CHAPEL HILL, N.C. (WNCN/AP) — The NCAA infractions committee panel handling North Carolina’s multi-year academic case plans released its ruling Friday morning.
The committee ruled that they “could not conclude that the University of North Carolina violated NCAA academic rules.”
“While student-athletes likely benefited from the so-called ‘paper courses’ offered by North Carolina, the information available in the record did not establish that the courses were solely created, offered and maintained as an orchestrated effort to benefit student-athletes,” said Greg Sankey, the panel’s chief hearing officer and commissioner of the Southeastern Conference.
“NCAA policy is clear. The NCAA defers to its member schools to determine whether academic fraud occurred and, ultimately, the panel is bound to making decisions within the rules set by the membership,” Sankey added.
The panel said that a former department chair and a former curriculum secretary failing to cooperate with the investigations were the two violations found in the case.
The committee said those two uncooperative former employees are the only two individuals who knew the full extent of what occurred.
Associated Press sources said the NCAA notified parties involved in the case Thursday morning. They spoke to The Associated Press on condition of anonymity because neither the school nor the NCAA had commented publicly on the release.
Chancellor Carol Folt released a statement following the NCAA’s decision that read in part:
I am grateful that this case has been decided and the University can continue to focus on delivering the best possible education to our students. We wish to thank the NCAA staff and the Committee on Infractions for their work and time during the joint investigation and hearing process.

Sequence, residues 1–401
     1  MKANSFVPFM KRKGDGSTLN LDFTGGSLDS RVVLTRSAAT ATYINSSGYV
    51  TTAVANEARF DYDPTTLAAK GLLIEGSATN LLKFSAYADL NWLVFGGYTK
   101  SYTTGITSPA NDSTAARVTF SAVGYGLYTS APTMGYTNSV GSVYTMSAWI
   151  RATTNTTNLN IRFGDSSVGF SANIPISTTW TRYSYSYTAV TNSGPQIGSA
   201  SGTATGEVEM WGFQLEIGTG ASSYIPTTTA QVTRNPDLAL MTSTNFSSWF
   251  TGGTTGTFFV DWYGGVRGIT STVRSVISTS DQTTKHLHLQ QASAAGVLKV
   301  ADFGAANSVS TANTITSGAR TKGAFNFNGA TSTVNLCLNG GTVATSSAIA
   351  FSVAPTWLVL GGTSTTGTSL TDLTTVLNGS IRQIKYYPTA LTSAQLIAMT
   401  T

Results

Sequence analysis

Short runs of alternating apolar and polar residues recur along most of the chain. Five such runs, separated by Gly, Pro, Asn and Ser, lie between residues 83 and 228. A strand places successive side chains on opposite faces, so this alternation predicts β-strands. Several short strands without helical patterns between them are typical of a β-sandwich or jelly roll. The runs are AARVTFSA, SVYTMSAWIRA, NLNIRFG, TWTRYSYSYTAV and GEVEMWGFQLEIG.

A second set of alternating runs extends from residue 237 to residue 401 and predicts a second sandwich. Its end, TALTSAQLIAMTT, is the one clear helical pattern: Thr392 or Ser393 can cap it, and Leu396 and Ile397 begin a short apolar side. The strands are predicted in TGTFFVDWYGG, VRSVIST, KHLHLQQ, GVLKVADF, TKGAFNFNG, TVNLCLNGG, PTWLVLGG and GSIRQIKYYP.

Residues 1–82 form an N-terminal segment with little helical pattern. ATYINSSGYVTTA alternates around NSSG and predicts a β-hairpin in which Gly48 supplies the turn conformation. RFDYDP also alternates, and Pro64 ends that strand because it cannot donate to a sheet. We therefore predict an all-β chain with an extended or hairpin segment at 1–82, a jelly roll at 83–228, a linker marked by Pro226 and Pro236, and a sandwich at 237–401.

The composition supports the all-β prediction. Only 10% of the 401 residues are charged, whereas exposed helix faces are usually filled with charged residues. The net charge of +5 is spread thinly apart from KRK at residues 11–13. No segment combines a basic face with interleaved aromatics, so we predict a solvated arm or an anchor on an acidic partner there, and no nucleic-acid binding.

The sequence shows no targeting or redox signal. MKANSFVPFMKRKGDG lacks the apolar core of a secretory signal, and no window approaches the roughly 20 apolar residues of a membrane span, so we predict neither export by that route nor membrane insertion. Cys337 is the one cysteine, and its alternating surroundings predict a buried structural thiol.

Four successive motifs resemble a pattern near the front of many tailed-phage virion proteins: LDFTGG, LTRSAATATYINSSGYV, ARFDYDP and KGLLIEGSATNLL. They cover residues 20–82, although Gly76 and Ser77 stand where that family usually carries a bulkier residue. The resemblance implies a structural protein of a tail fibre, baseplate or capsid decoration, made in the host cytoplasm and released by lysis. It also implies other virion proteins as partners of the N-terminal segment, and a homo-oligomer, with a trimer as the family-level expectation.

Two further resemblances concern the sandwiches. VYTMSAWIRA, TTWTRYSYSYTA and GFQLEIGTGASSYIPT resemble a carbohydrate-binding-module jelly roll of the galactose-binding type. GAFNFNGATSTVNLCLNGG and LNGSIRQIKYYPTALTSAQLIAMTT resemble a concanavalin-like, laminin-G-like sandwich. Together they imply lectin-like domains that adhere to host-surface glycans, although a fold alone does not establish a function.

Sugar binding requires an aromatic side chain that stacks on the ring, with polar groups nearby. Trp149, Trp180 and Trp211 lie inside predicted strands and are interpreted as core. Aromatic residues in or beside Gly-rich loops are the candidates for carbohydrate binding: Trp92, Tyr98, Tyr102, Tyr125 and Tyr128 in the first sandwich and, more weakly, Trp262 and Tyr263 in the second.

Carolina long ago publicly accepted responsibility for what happened in the past. One of the highest priorities of this administration has been to resolve this issue by following the facts, understanding what occurred, and taking every opportunity to make our University stronger. We have been open and transparent in everything we have done, as documented on our Carolina Commitment website.
The resolution of this case is part of a comprehensive effort working with administrators, faculty and staff across campus and with the Southern Association of Colleges and Schools Commission on Colleges, our accrediting agency, to fully address these issues.
The ruling comes roughly eight weeks after UNC appeared before the infractions panel in August in Nashville, Tennessee, for a two-day hearing that included Chancellor Carol Folt, athletic director Bubba Cunningham, men’s basketball coach Roy Williams, football coach Larry Fedora and women’s basketball coach Sylvia Hatchell. The school faces five top-level charges, including lack of institutional control.
The focus of the investigation was independent study-style courses in the formerly named African and Afro-American Studies department on the Chapel Hill campus. The courses were misidentified as lecture classes but didn’t meet and required a research paper or two for typically high grades.
In a 2014 investigation, former U.S. Justice Department official Kenneth Wainstein estimated more than 3,100 students were affected between 1993 and 2011, with athletes across numerous sports making up roughly half the enrollments.
The NCAA has said UNC used those courses to help keep athletes eligible.
The oft-delayed case grew as an offshoot of a 2010 probe of the football program resulting in sanctions in March 2012. The NCAA reopened an investigation in summer 2014, filed charges in May 2015, revised them in April 2016 and again in December.
The NCAA originally treated some of the academic issues as improper benefits by saying athletes received access to the courses and other assistance generally unavailable to non-athletes. The NCAA removed that charge in the second Notice of Allegations, then revamped and re-inserted it into the third NOA.
UNC has challenged the NCAA’s jurisdiction, saying its accreditation agency — which sanctioned the school with a year of probation — was the proper authority and that the NCAA was overreaching in what should be an academic matter.
The NCAA enforcement staff countered in a July filing: “The issues at the heart of this case are clearly the NCAA’s business.”
UNC has argued non-athletes had access to the courses and athletes didn’t receive special treatment. It also challenged Wainstein’s estimate of athlete enrollments, saying Wainstein counted athletes who were no longer team members and putting the figure at less than 30 percent.
In addition to Sankey, the infractions panel included former U.S. Attorney General Alberto Gonzales.